Many internet of things (IoT) products operate on standards-based protocols. These standards include a certification process, which verifies interoperability. Some low-cost device manufacturers skip this process. Others have even falsely applied the certification mark to their packaging. These bad actors devalue the compliance mark. Further, they create interoperability issues for consumers, and slow IoT adoption rates.
Blockchain technology provides the perfect mechanism to solve this problem. Using an open ledger, test houses can record compliance results. Compliance stamps can then be applied by the regulatory bodies. Ecosystem operators may then use the ledger to validate compliance during network formation, and warn users when non-compliant devices are detected. This will create consumer awareness, and driving up the value of compliance, and compliant products.
Compliance tracking could also be used to maintain product market segmentation. For example, many companies produce professional and consumer grade product. However, the consumer-grade product may be sold as professional grade as it passes through the distribution and installer networks. Manufacturers may use the compliance method previously described to apply market segmentation stamps to the individual devices in the ledger, and warn end consumers when lower quality devices enter premium networks.
Actors and Actions
For authenticity and rights management, participants are: a Resource, one or more Owners, and one or more Clients. The Owner claims a Resource, in which trust is extended to Clients. The Owner may also transfer (or extend) ownership to other Owners. A manufacturer may register the initial ownership of a resource to provide device authenticity. Any change of ownership or client additions are controlled by the owner.
In order to support compliance tracking and market segmentation, the smart contract is extended to add a Certifier. The Certifier may apply their stamp (signature) to any resource, without needing permission from the Owner. Further, only the Certifier may revoke their stamp to the Resource. In some instances, the stamp may also include metadata, which allows the Certifier to provide further information.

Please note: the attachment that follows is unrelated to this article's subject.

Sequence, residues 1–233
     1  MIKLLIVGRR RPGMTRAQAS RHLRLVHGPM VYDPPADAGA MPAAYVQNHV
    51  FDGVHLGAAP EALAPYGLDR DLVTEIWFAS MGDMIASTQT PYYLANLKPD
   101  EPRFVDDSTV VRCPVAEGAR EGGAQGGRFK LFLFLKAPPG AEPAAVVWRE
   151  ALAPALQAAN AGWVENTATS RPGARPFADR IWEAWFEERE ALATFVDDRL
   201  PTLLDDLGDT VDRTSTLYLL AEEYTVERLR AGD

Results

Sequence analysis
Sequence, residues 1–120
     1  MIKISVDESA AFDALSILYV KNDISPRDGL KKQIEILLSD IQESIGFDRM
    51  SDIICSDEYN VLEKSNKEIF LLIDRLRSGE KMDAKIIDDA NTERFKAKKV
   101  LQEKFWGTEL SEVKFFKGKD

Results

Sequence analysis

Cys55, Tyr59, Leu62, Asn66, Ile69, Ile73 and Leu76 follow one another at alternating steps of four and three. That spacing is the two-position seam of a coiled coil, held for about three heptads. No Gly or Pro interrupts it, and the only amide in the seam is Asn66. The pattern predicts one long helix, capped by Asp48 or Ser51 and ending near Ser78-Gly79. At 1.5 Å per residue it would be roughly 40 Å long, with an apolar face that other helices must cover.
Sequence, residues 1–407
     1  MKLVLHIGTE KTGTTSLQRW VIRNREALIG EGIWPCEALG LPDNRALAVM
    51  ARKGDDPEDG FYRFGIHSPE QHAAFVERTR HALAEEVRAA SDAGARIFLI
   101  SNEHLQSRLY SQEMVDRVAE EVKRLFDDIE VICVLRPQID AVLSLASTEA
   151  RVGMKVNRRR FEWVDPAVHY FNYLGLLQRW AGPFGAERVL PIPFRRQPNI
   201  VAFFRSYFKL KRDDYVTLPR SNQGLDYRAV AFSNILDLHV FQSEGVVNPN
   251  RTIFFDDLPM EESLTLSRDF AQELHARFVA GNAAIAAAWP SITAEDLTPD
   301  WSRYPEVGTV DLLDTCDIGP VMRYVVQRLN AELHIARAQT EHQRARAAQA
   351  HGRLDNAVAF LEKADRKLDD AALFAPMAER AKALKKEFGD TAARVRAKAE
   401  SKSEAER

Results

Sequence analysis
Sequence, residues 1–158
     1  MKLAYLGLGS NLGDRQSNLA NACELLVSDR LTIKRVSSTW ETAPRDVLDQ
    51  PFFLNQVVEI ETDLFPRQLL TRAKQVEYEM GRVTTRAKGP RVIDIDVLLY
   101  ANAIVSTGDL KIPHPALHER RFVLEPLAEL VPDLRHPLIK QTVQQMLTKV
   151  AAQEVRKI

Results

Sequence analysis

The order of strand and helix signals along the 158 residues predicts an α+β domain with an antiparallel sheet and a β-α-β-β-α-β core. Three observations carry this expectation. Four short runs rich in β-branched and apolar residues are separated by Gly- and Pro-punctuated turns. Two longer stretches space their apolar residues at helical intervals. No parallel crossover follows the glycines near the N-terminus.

Protocol Alliances may use the certifier stamp to indicate that a device has achieved protocol compliance. Whenever a device is added to an Owner’s network, the gateway would authenticate the Resource’s identity with the trust ledger. The gateway would then be able to identify if the Resource has been certified by the protocol alliance. Lack of Protocol Compliance could lead to several actions. A simple warning to the Owner that the Resource may not fully interoperate could be displayed on the network provisioning tool. The non-compliant Resource could be limited in interactions with other Resources. For example, a non-compliant Resource may be blocked from life safety operations. Finally, the Resource may be completely removed from the network.
The identification is performed on a device level and all devices can be registered, such that copying or multiplication of certifications (if they can be performed at all), could be identified.
The certifier stamp may also be used to track regulatory compliance of either the Resource, or the installed ecosystem. For example, a FCC compliance stamp could be applied at production time for the Resource. However, building inspections on the installed system could be applied to all Resources in the building. A building owner would not only be able to determine when the system was inspected, but could also monitor for non-compliant Resources being added to the system after the inspection was completed.
In some industries, proof of regulatory compliance may be used to reduce insurance premiums, or secure tax credits.
Many manufacturers produce both a low-cost consumer product, and a premium professional variant. However, enforcing that consumer products are not sold into the professional channel is often difficult. Using the certifier stamp, a manufacturer may apply a professional grade stamp to the premium devices, and then alert owners when the stamp is missing in professional deployments.
For more detailed information on our Authenticity, Compliance, and Rights Management IoT Trust ledger, please read our paper.